Ask Buzz Gosnell if the Valley will have too many $1 million urban condominiums and he’ll tell you a lot of developers are all talk.
“What you’re seeing is a lot of the projects announced are not necessarily being built,” said Gosnell, president of Woodbine Southwest, developer of Kierland. “Only projects with good real estate will go forward and be viable.”
Gosnell was on hand Tuesday to announce construction of the second phase of the Plaza Lofts at Kierland Commons on the Scottsdale-Phoenix border. After selling 30 units the first time around, Woodbine will build six stories on top of a three-story parking garage for another 54 lofts, including five penthouses as large as 3,900 square feet.
“I keep hearing about the supposed slowdown in the economy,” Gosnell said. “I don’t see any slowdown.” The lofts are scheduled to be completed in fall 2007.
Sales for the second phase began in March and there are already signed contracts on more than half of the planned units, said Trudy Hammond, director of sales. The first 30 lofts, which are over retail shops that make up the “Main Street” of Kierland, were sold out before construction in February 2003. Residents began moving in last summer. Recent resales of the homes have fetched as much as $1,000 a square foot, Hammond said.
Eight lofts on the ground floor will range from 1,100 to 1,600 square feet. Prices start in the $700,000s. Forty-one lofts ranging from 1,200 to 1,800 square feet will go between the fourth and eighth floor with the penthouses above. The penthouses have yet to be released for sale, Hammond said.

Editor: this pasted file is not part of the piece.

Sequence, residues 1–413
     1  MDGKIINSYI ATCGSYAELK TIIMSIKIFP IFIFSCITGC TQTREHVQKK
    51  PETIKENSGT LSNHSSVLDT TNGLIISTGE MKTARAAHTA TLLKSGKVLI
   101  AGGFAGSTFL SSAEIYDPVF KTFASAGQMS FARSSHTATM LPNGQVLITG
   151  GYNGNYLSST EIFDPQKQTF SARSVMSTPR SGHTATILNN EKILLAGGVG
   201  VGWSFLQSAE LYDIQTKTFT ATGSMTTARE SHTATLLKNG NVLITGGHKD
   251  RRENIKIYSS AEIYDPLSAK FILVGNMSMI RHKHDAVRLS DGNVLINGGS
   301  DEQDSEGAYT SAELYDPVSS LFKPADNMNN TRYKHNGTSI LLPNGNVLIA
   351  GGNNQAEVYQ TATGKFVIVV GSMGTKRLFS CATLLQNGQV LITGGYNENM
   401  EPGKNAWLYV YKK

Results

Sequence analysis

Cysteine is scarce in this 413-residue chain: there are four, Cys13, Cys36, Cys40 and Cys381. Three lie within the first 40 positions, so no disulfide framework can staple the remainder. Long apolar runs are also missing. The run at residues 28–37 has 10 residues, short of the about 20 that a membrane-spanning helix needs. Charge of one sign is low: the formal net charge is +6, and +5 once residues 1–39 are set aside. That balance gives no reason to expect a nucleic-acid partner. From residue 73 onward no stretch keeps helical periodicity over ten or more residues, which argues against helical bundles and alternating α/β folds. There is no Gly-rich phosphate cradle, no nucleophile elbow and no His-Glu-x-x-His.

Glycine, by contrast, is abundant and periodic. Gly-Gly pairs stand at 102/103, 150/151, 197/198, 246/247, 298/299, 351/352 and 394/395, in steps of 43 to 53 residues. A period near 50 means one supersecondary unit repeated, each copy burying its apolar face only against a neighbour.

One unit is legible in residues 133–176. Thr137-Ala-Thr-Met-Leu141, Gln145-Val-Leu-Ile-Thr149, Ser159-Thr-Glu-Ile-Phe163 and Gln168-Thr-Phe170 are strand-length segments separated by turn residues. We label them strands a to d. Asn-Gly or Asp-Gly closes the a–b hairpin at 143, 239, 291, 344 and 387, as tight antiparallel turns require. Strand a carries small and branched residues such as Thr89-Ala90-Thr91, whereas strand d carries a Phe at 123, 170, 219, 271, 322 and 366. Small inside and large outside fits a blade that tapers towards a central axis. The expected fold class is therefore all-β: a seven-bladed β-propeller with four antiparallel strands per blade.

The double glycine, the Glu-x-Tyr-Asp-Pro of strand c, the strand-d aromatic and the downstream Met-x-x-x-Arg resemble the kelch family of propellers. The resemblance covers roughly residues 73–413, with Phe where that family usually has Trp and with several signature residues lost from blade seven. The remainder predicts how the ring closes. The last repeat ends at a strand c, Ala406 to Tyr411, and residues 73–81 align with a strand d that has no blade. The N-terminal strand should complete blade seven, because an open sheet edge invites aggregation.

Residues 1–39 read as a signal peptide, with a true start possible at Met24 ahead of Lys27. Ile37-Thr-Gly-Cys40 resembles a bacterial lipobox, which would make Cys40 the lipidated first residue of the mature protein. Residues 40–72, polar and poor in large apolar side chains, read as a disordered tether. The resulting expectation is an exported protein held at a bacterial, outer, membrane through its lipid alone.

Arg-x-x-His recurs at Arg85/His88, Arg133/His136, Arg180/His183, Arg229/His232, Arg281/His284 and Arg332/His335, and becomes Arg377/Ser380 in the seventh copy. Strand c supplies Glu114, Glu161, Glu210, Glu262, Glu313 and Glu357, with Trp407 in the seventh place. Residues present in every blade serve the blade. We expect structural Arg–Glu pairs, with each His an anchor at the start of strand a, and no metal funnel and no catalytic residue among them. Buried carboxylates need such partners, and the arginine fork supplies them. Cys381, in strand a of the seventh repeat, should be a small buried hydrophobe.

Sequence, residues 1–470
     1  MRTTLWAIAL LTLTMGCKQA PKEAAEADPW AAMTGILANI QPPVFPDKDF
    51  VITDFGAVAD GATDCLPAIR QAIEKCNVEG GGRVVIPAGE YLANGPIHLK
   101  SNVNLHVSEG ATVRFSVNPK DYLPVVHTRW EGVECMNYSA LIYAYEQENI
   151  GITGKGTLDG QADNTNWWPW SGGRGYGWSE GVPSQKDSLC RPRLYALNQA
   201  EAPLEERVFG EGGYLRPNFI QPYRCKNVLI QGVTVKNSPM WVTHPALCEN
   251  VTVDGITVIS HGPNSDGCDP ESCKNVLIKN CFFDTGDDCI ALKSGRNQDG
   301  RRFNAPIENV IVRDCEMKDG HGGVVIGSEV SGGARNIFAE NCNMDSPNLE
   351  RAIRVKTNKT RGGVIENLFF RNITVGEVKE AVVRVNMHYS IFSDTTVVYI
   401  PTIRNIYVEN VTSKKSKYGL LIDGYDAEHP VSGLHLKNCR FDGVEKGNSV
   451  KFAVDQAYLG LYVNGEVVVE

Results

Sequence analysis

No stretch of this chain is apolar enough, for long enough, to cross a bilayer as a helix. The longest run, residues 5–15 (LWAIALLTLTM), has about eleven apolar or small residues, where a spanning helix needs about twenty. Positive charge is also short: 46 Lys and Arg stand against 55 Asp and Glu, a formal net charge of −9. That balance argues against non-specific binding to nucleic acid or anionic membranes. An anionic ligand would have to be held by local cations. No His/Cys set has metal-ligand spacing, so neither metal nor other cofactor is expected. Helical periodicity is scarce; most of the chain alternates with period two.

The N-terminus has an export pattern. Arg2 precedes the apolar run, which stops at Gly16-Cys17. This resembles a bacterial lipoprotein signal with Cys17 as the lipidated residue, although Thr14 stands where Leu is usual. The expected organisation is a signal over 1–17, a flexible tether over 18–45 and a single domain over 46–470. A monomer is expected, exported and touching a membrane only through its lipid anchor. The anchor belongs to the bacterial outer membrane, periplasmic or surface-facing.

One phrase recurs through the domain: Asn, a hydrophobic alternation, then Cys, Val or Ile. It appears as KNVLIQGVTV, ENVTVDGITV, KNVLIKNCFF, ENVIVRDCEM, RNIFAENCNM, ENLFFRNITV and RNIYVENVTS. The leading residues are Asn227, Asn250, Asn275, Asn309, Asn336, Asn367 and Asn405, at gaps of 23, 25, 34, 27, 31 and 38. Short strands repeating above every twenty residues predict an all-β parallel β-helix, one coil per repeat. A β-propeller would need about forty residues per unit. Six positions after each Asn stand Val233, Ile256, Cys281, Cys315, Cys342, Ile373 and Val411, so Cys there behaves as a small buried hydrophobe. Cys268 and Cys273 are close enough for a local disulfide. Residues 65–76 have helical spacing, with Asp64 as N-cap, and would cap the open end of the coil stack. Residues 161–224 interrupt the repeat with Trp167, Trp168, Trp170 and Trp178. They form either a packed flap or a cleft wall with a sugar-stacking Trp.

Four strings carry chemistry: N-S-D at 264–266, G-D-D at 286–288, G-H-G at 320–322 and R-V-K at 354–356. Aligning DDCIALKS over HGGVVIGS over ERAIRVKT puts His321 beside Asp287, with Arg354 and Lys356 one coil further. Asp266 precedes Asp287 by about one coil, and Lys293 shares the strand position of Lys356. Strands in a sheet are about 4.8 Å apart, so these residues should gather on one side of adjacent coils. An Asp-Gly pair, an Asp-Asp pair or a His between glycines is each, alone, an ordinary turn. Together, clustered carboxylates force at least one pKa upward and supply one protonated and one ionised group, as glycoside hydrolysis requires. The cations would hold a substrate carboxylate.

The lofts are popular because of high-end dining and shopping and nearby amenities that include offices, a resort, spa and golf course and the Scottsdale Airport.
This was never a problem with baseball cards.
McAfee, which makes software that looks for adware and spyware, says one of five Major League Baseball players’ screensavers comes bundled with the unwanted junk.
The company said it analyzed more than 12,000 search results for player screensavers and desktop wallpapers to see which come with unwanted software. Searching for Josh Fogg of the Colorado Rockies, Barry Bonds of the San Francisco Giants and Albert Pujols of the St. Louis Cardinals generate the most risky sites, McAfee said.
When it comes to the riskiest overall player roster, the Boston Red Sox had the highest percentage of sites with adware, spyware and malicious downloads, followed by the New York Yankees, Houston Astros and St. Louis Cardinals.
It should be noted the Diamondbacks did not crack the Top 10 of the list.